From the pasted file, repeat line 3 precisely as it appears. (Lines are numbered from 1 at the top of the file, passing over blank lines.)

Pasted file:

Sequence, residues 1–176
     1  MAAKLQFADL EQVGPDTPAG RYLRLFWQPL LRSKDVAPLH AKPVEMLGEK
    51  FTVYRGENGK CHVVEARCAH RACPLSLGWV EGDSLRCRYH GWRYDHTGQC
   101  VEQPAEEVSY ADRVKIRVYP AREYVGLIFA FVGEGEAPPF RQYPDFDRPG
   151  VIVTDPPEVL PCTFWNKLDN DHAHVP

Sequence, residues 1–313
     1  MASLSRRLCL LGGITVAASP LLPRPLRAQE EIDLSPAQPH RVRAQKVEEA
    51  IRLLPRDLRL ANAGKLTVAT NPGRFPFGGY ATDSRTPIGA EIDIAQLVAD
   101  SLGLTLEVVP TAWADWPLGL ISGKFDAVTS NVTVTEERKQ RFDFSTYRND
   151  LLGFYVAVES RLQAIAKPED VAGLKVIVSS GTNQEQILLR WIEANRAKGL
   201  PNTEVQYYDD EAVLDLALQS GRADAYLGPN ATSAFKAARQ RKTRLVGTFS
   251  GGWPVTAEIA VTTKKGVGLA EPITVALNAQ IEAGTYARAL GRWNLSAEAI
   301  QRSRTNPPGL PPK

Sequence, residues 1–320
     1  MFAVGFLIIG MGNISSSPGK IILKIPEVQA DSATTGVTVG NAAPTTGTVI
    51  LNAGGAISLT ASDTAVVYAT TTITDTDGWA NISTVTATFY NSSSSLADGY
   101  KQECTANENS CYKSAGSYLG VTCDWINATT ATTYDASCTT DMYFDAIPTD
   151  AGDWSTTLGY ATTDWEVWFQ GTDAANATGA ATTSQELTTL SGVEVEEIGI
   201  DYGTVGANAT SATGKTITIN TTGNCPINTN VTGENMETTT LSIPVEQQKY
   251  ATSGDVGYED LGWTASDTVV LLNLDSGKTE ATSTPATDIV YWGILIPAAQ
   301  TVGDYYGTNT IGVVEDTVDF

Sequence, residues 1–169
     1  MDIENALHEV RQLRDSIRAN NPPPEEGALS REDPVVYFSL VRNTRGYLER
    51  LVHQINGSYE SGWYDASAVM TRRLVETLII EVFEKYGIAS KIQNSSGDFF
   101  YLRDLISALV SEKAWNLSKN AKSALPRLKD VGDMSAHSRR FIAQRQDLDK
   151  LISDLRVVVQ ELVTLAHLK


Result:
    51  FTVYRGENGK CHVVEARCAH RACPLSLGWV EGDSLRCRYH GWRYDHTGQC